In the beauty of the lilies Christ was born across the sea,
With a glory in His bosom that transfigures you and me:
As He died to make men holy, let us live to make men free,
While God is marching on!


Saturday, February 13, 2010

High Flight

Many of you are probably too young to remember when television programming ceased at 1 o'clock in the morning (on some stations, midnight), and didn't resume till 6 a.m. or later. That was way back in the mid-1960s before cable television, when there were only three broadcast networks rather than hundreds of 24-hour channels, and programming was (or at least seemed to be) dominated by local stations and their markets. People who worked at TV stations in those days actually quit work at night and went home to bed! A few minutes before the screen and sound went to plain static, you'd see a short film clip of a Boy Scout or soldier lowering the flag while the Star Spangled Banner played in the background. And in many local areas, one more thing: a sonorous voice reading the beautiful poem High Flight, as a sleek fighter aircraft banked and soared through the clouds. The few times I saw this as a lad, having stayed up late babysitting when my parents were out or snuck back to the living room to watch TV after everyone else had gone to bed (OK, I confess), I was always awestruck by it.

I hadn't seen or thought about that in many, many years, until I stumbled upon a copy of the film clip on YouTube the other night while looking for something else. And it touch me deeply again. Just reading the poem is a moving experience:

Oh! I have slipped the surly bonds of Earth
And danced the skies on laughter-silvered wings;
Sunward I’ve climbed, and joined the tumbling mirth
of sun-split clouds, — and done a hundred things
You have not dreamed of—wheeled and soared and swung
High in the sunlit silence. Hov’ring there,
I’ve chased the shouting wind along, and flung
My eager craft through footless halls of air....

Up, up the long, delirious, burning blue
I’ve topped the wind-swept heights with easy grace
Where never lark nor even eagle flew—
And, while with silent lifting mind I’ve trod
The high untrespassed sanctity of space,
Put out my hand, and touched the face of God.

There is a sad, moving story behind the poem, too. It was written by John Gillespie Magee, Jr., who was born in Shanghai, China in 1922 to an American father and a British mother who worked as Anglican missionaries. His father came from a wealthy Pittsburgh family and his mother from Suffolk, England. John, Jr.'s early years were spent in China with his parents; from age 9 through 17 he attended school in England, graduating from the Rugby School in 1939. He earned a scholarship to Yale University—where his father was then a chaplain—in July 1940, but did not enroll, choosing instead to enlist in the Royal Canadian Air Force in October of that year, with England the the German Luftwaffe then being locked in the Battle of Britain. Shortly after being awarded his wings in June 1941 and being promoted to Pilot Officer, Magee was sent to Britain and to train on one of the most famous aircraft of WWII, the Supermarine Spitfire. It was while in that training that Magee wrote High Flight, while making his seventh flight in a Spitfire to an altitude of 33,000 feet. He completed the poem soon after landing and sent it home to his parents with a letter dated September 3rd, 1941.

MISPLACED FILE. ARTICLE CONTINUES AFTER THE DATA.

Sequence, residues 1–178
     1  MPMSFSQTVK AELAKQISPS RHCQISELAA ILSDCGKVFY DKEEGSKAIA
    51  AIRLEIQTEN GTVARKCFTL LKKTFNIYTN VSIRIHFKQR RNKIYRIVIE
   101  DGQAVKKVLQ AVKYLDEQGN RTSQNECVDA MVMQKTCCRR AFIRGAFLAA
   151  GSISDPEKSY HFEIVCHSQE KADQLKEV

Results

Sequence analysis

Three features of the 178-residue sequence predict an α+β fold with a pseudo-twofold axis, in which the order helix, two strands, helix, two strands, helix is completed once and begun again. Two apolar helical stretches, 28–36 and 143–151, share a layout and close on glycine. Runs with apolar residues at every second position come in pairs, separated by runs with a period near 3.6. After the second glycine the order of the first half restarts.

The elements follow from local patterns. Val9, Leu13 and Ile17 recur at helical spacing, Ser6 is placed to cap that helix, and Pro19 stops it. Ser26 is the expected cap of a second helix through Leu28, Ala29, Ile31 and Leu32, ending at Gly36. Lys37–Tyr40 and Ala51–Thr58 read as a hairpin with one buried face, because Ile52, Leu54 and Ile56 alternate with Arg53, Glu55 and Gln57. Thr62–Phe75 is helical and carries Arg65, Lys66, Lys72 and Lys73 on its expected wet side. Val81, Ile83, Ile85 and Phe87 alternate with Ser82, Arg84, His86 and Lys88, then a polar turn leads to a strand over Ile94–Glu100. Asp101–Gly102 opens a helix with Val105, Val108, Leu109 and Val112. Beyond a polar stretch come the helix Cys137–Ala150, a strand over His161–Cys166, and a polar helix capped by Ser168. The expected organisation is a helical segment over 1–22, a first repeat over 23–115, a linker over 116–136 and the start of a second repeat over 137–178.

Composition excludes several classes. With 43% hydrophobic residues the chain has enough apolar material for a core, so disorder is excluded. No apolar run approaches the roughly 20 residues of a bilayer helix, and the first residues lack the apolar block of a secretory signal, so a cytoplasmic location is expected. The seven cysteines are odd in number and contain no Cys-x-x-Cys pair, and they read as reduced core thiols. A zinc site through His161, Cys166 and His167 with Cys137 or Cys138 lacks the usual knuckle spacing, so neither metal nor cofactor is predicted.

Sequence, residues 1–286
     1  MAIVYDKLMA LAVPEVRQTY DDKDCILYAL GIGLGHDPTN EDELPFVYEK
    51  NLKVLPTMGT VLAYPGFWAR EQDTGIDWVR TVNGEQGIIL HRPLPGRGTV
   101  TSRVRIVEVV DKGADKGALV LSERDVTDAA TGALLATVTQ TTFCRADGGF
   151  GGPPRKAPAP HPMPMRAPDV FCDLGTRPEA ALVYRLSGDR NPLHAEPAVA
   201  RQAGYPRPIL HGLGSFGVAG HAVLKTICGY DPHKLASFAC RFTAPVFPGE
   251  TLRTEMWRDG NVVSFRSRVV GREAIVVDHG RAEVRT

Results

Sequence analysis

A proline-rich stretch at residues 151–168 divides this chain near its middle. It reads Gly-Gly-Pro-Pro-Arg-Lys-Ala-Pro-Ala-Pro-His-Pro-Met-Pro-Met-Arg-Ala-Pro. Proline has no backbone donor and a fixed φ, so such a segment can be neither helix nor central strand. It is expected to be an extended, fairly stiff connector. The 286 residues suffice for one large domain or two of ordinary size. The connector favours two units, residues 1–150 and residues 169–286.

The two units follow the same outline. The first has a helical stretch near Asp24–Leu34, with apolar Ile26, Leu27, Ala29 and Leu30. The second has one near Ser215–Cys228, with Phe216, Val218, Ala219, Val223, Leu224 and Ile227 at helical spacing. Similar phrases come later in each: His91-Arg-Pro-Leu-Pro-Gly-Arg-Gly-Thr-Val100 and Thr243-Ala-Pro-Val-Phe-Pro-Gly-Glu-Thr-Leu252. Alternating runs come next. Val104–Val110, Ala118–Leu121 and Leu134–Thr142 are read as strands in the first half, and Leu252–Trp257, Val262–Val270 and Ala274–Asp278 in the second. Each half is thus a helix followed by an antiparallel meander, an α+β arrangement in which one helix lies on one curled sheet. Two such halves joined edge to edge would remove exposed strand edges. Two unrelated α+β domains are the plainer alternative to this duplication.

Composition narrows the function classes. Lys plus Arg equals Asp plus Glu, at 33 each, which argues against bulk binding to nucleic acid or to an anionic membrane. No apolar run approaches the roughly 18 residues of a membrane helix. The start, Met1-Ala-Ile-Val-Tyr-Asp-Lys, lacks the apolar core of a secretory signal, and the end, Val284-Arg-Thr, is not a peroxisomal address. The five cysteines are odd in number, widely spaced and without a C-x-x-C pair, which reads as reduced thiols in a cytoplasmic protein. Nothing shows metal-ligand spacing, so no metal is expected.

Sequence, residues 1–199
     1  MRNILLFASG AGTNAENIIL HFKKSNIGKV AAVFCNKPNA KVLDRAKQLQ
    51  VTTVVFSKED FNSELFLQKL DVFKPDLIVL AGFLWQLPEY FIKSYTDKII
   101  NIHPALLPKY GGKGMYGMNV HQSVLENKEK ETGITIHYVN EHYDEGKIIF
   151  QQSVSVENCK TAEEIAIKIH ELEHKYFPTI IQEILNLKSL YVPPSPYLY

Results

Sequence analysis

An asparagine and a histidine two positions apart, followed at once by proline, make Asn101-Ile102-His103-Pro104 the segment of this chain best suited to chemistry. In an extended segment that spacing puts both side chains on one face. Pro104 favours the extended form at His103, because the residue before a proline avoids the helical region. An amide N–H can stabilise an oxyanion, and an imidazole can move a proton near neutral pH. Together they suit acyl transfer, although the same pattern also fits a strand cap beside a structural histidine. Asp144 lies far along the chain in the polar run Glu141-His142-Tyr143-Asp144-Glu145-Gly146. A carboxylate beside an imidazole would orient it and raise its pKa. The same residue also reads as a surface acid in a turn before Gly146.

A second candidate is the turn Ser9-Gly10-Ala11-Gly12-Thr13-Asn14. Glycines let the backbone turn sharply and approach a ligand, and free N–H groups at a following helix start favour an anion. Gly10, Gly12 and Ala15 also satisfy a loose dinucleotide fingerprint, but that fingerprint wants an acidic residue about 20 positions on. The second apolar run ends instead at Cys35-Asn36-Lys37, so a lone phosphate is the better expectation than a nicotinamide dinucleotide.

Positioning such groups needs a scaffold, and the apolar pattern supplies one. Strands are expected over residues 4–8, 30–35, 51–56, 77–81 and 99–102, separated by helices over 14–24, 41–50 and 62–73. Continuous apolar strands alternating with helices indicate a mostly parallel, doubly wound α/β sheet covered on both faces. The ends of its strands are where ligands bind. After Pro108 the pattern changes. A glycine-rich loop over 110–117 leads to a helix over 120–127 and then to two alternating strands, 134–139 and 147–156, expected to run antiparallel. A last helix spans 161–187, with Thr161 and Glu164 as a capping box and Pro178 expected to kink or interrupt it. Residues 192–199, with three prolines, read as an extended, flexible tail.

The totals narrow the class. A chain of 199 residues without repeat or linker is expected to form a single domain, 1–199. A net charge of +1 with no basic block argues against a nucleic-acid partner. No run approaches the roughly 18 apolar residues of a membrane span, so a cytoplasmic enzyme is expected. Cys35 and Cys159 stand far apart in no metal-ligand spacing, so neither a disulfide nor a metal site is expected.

Only three months later, while flying a Spitfire on a training mission, John was involved in a mid-air collision with another aircraft over the village of Roxholm, Lincolnshire, and died on impact with the ground. On his grave in England are inscribed the first and last lines from his poem: Oh! I have slipped the surly bonds of Earth -- Put out my hand and touched the Face of God. John had written several other beautiful poems during his brief military career, which he sent home to his parents.

Supermarine Spitfire

Today High Flight serves as the official poem of the Canadian Forces Air Command and the Royal Air Force, and it is required to be recited by memory by fourth class cadets (freshmen) at the United States Air Force Academy, where it is also depicted in its Field House. An excellent web site devoted to Magee and High Flight can be found here.

And now what you've all been waiting for: the High Flight film clip that closed the broadcasting day for television stations across America back in the 1960s! This film features the Lockheed F-104 Starfighter interceptor, one of the most beautiful aircraft ever produced (in my humble opinion), and one of my all-time favorites!

But wait--there's more! I didn't realize that later versions of High Flight were made with more advanced aircraft, also used at signoff until TV stations stopped signing off altogether. Here's one featuring another of my favorite aircraft, the Northrop F-5E/F Tiger -- simple and graceful!

Wouldn't it be wonderful if one could again watch television, go to the movies, or otherwise regularly see things in the media that acknowledged and honored God? These films, and the fact that they were once aired to all viewers every day as a matter of course, reflect a little bit of what our country used to be. And what of John Magee, Jr.? Do we still have young people like him who could fly a fast aircraft, defend our country, and write immortal poetry all at the same time? I'm sure there are more than a few, in our service academies and in the field. God bless and protect them, and bring forth their poetry in time to inspire the rest of us to soar as high as did Pilot Officer Magee.

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